Helen Mirren

Pencil Portrait by Antonio Bosano.

Helen Mirren Pencil Portrait
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Helen Mirren married American director Taylor Hackford,(her partner since 1986) on 31 December 1997, his 53rd birthday. By her own admission, marriage had never previously figured amongst her personal ambitions. On page 242 of her autobiography ‘In the Frame’, she writes about past male relationships and why she did not marry any of them:

‘I don’t mean to be flippant, but I think a part of that was that I did not need to wear the dress. Maybe a lot of women get married because they are longing to wear that big white dress and the beautiful tiara, look lovely and get their makeup done. They crave to be the centre of attraction for a day at least.

I had the opportunity to experience all that by being an actress. I had beautiful dresses handmade for me, make-up done on me, people looking at me and so forth as a part of my profession. So that particular reason for getting married was not pertinent. I was also happy not to be particularly responsible to anyone or for anyone except my work and myself’.

One of Mirren’s fellow actresses, Emma Thompson, star of ‘Howards End’, ‘The Remains of the Day’ and ‘Love Actually’, hinted in 2013 that there could be ‘other models’ for romantic happiness, since relationships are ‘very hard work’.

Speaking during a webchat for parenting website Mumsnet, the actress suggested there could be “another model that is three relationships over the three stages of your life”.

‘I do think that monogamy is an odd state, and actually I think it’s an odd state for women. I think that we’re locked into certain ideas and certain romantic ideals that have shaped our thinking about relationships for some time. And I do sometimes wonder about whether there are alternatives, and about whether our fury and rage and disbelief and horror about infidelity is quite realistic. I, of course, have got the t-shirt (her one time partner Kenneth Branaugh was unfaithful to her and the couple split in 1995) so I understand the feelings very well but I think as I get older and think about long-term relationships, I do see that they can change’.

Thompson said she had watched “lots” of friends in changing relationships, adding: ‘We all live so long now!’

‘I sometimes wonder whether, whilst there is of course a completely wonderful monogamous model, that we\‘d all love because it feels safe and secure and there\‘s probably less work than say another model, that is three relationships over the three stages of your life – Your young life, your middle life, and your late life. All I’m suggesting is that there are other models and I\‘m also suggesting that we’d been a little bit caught by the happy-ever-after ideal. All the fairy stories end when people get married and go off into the sunset, there are very few stories that deal with the nuts and bolts and actualities of serious relationships’.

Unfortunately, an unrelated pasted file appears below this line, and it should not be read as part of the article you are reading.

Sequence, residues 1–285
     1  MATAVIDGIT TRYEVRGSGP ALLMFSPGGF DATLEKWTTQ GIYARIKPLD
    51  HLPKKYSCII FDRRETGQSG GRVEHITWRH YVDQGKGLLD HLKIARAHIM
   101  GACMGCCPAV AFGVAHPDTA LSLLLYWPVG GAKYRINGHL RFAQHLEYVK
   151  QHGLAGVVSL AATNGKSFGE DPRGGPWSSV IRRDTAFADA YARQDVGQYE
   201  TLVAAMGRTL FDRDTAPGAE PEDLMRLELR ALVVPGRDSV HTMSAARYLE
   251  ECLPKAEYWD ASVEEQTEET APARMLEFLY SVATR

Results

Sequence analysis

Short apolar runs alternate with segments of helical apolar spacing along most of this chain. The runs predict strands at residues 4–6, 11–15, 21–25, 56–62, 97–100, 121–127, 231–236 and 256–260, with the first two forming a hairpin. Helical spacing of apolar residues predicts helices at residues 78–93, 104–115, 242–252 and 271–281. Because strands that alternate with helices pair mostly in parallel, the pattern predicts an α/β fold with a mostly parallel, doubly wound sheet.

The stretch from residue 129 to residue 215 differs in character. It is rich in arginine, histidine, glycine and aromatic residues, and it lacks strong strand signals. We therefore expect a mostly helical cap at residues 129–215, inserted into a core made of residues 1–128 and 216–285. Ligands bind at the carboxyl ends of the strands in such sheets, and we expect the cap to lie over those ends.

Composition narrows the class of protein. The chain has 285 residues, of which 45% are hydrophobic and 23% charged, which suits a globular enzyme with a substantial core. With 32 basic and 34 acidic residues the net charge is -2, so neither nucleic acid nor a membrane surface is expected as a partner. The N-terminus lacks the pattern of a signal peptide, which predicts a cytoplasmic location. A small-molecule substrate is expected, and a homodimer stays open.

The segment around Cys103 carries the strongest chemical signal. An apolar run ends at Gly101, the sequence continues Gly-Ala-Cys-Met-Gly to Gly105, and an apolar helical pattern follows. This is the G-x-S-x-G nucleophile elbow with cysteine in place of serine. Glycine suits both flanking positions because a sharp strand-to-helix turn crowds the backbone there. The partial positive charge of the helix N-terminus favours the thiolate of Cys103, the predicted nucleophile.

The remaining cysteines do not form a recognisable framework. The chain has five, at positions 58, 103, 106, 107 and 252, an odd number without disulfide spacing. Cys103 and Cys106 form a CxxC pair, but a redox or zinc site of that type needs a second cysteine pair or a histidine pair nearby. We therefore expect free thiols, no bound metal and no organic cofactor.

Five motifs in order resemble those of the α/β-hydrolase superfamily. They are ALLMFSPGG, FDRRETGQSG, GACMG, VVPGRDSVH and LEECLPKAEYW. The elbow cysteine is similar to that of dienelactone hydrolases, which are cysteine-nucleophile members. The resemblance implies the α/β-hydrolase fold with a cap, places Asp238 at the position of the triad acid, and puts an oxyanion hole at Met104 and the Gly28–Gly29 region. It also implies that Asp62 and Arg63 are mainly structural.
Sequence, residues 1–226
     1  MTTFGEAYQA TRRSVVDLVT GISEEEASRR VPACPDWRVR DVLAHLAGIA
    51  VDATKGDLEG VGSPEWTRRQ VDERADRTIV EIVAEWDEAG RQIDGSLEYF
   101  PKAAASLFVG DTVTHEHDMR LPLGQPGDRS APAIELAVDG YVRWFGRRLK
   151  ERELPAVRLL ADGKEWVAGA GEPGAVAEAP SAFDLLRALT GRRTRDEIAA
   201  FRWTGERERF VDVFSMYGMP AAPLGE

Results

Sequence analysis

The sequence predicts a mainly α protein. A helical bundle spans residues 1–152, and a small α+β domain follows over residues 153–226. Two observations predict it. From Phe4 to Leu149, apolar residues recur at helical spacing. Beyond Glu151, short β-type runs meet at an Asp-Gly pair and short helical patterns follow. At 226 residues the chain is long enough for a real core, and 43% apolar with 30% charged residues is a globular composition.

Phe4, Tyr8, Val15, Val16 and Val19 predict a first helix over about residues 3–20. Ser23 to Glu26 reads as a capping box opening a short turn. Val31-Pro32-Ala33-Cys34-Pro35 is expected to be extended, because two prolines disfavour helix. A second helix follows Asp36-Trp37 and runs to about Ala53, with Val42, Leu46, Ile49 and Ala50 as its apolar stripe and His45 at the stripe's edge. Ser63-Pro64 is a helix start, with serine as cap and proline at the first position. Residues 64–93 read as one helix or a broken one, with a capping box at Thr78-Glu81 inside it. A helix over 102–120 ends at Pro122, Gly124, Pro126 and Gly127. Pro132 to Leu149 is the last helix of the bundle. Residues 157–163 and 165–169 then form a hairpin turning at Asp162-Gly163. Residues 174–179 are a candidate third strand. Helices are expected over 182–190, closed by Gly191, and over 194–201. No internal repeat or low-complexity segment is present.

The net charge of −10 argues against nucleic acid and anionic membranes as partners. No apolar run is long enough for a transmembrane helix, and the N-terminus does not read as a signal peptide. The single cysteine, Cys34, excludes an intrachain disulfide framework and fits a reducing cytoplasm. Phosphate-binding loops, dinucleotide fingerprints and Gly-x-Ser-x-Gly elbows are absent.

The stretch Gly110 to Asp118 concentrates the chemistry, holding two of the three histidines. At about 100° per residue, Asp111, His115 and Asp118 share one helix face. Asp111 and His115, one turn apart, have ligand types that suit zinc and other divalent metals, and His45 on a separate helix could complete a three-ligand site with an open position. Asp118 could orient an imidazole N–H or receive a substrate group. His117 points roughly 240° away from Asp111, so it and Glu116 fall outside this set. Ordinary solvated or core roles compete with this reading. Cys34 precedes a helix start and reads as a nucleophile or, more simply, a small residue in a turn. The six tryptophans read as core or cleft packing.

She added:_ ‘I think that relationships are very hard work, that we can take our eyes off the ball very easily, I think that children can be a huge strain on relationships – it depends on what kind of relationship you have’._

Interesting views indeed and whilst I respect her right to air them, I believe they are fundamentally flawed. Thompson suggests that the ‘once only’ monogamous model involves less work. Please tell me that she’s having us on.

I read from time to time, that success in relationships is built on ‘compromise’. However, the very use of this word implies continuing to behave ‘unthinkingly in a certain way’, albeit with less frequency. The fundamental flaw in this approach is aptly illustrated by the example of two men; the first who reduces his number of weekly gym sessions in favour of quality family time, and the second who continues binge drinking whilst miraculously halving his domestic vomiting. Since, cleaning up a mess of this type is amongst the very worst tasks imaginable, reduced behaviour of this nature is not an example of ‘compromise’ but merely a curtailing of unacceptable ‘excess’. The fact that it occurs even once a week will still be repugnant to the other party.

No – in my infinite wisdom, (or should I say my bungled attempts at greater understanding), I have come to appreciate that a partner’s uniquely distinct priorities or ‘issues’ – no matter how much at variance with one’s own feelings – must be respected and accommodated.

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